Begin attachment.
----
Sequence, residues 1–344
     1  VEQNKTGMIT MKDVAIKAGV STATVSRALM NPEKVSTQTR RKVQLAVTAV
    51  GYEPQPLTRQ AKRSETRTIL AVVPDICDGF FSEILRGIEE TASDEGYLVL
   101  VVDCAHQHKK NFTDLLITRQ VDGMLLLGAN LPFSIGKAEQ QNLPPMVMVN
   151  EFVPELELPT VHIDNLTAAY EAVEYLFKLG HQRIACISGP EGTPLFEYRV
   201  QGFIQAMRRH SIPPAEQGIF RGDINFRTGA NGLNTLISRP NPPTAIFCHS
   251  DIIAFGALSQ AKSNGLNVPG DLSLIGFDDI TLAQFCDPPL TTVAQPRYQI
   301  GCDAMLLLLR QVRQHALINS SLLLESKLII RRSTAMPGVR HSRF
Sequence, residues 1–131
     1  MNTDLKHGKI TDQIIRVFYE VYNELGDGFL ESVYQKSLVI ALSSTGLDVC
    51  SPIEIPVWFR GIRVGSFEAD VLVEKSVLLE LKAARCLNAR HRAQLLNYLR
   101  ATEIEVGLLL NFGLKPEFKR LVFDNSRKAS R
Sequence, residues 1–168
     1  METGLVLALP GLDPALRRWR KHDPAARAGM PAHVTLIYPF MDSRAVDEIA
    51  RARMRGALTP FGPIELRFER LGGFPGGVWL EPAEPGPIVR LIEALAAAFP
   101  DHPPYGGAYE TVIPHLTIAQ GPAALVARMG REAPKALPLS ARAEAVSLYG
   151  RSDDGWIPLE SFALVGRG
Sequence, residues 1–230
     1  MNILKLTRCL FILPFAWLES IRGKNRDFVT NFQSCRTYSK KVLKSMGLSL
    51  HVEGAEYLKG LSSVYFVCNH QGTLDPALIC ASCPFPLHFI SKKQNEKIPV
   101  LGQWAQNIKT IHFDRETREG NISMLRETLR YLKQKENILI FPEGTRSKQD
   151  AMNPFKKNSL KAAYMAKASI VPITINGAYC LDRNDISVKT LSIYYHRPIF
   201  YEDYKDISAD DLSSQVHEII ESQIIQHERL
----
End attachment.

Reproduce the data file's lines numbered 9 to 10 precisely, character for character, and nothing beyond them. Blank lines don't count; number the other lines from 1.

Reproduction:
Sequence, residues 1–131
     1  MNTDLKHGKI TDQIIRVFYE VYNELGDGFL ESVYQKSLVI ALSSTGLDVC